Two years’ continuous noise nuisance, making life unbearable for a neighbour undergoing chemotherapy, has ended with a three-month closure order on an Upper Norwood flat.
Croydon magistrates, on Wednesday (3), ordered the Sylvan Road premises closed after hearing of failed attempts, by council officers and the police, to bring about an amicable agreement between the landlord, tenants and neighbours.
The court heard that, in September 2013, the residents of a neighbouring flat made the first of a number of calls to the police, complaining about the level of noise coming from the flat. Failed attempts at mediation saw the police contact the council for assistance, leading to the signing of an agreement by all parties in February 2014.
The agreement, however, was quickly breached and further complaints were made to the council, documenting continuing noise nuisance.
In July 2014, Bianca Adrianna Vitan and Bogdan Bulte took tenancy of the flat, but the previous tenants made regular visits to the property and further noise was documented.
The following winter, one of the neighbours was diagnosed with cancer, undergoing intensive chemotherapy. The tenants responded to a request to quieten the loud music, in order to give the neighbour much-needed respite.
However, when it appeared the neighbour had recovered, the noise resumed, leading to the issue of a noise-abatement notice in February 2015, along with arrests by police for harassment and obstruction.
The following month, nearing breaking point, the neighbours approached the council, seeking effective intervention. The history of continued nuisance led the council to decide to take formal action.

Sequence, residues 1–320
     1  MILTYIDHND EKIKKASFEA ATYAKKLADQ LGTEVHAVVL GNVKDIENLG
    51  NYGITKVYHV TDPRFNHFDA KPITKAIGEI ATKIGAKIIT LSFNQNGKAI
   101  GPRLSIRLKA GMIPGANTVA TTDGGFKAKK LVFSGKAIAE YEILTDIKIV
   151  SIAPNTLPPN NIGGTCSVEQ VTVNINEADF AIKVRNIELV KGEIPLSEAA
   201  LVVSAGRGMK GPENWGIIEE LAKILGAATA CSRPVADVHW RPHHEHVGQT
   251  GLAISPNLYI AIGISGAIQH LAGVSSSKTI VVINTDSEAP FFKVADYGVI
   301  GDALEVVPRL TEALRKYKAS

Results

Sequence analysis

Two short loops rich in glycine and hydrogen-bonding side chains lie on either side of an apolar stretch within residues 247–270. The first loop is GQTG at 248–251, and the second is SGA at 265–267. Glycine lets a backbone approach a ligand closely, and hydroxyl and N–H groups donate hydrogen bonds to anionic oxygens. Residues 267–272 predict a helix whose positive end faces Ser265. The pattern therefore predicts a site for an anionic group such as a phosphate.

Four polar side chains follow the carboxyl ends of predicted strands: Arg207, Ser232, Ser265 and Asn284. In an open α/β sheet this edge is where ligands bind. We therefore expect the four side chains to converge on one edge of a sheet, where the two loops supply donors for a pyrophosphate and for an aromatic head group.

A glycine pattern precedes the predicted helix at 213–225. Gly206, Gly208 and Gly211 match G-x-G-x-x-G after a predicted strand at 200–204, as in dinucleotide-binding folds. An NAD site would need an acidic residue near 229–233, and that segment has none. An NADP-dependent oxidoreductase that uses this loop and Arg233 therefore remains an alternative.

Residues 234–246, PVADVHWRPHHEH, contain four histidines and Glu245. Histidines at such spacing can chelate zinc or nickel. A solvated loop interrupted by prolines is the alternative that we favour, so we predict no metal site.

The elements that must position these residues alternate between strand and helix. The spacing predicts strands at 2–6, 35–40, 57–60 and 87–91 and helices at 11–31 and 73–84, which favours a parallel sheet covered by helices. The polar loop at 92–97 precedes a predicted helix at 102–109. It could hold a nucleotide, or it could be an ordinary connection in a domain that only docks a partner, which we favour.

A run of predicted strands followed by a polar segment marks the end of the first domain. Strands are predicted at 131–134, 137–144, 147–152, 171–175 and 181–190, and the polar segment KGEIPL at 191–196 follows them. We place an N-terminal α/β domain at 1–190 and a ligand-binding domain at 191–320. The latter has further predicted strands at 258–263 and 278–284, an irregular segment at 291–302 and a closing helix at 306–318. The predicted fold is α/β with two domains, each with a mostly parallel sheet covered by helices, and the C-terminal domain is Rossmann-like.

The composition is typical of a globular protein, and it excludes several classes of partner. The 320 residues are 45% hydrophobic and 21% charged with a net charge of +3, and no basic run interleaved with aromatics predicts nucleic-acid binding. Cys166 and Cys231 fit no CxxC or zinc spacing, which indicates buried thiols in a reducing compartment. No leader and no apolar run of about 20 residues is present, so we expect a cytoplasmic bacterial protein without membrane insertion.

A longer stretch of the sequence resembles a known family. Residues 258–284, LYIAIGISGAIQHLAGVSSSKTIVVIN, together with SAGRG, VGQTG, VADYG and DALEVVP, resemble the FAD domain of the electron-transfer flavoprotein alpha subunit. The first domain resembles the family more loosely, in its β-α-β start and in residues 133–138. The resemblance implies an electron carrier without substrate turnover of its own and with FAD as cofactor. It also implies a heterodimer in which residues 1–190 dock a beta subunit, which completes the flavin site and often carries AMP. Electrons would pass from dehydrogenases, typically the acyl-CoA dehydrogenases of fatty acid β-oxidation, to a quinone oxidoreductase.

Repeated requests to meet the landlord and tenants were ignored, and, four days before a premises closure order hearing, the landlord told the council that notice to quit by 20 May had been served on the tenants.
They failed to quit, and continued noise nuisance led to a further closure notice being served on 1 June. The following day, the landlord claimed that new tenants had moved in; a claim refuted by the neighbours.
Checks revealed that the new tenancy agreement was made out in the name Ms Adrianna Vitan. In court, Ms Bianca Adrianna Vitan confirmed that the new agreement was, in fact, hers, and that she had signed a tenancy for a further year.
The landlord did not attend court, nor did he oppose the application.
Councillor Mark Watson, cabinet member for communities, safety and justice
“This might not have been the usual type of premises-closure case, concerned with alcohol or drug abuse.
“This case was, from the outside, one of low-level nuisance. However, it was having such a devastating impact on the neighbours that flipping our focus, from behaviour to impact, meant seeing quite clearly that the test for the closure application could, in our opinion, be met.
“This case will set a new precedent in Croydon, showing victims and perpetrators of nuisance and antisocial behaviour that we will tackle the problem effectively, and where landlords decide not to intervene and assist in the prevention of nuisance and ASB, we may act independently and seek, where appropriate, all costs incurred by us.”